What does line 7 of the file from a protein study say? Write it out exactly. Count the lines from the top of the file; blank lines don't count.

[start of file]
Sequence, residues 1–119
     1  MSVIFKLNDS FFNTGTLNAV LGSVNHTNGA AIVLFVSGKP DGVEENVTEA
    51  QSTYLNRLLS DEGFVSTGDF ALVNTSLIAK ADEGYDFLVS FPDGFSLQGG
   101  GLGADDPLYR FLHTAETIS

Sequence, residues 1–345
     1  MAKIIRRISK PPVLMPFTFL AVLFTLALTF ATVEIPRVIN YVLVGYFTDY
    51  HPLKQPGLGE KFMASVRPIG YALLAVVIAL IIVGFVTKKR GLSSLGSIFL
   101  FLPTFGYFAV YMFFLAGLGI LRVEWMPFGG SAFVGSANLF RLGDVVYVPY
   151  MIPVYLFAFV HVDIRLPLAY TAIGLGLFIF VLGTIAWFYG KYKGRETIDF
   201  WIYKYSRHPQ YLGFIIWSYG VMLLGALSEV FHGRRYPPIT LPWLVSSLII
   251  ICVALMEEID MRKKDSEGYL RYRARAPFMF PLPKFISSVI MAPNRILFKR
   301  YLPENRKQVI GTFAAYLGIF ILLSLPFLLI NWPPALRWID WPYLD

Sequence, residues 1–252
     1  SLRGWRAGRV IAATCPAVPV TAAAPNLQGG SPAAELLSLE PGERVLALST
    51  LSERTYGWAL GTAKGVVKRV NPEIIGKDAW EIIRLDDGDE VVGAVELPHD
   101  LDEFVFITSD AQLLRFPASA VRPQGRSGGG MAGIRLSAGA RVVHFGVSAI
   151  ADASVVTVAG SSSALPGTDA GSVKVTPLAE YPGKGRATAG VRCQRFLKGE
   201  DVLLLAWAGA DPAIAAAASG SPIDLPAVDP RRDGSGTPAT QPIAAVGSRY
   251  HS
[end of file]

    51  HPLKQPGLGE KFMASVRPIG YALLAVVIAL IIVGFVTKKR GLSSLGSIFL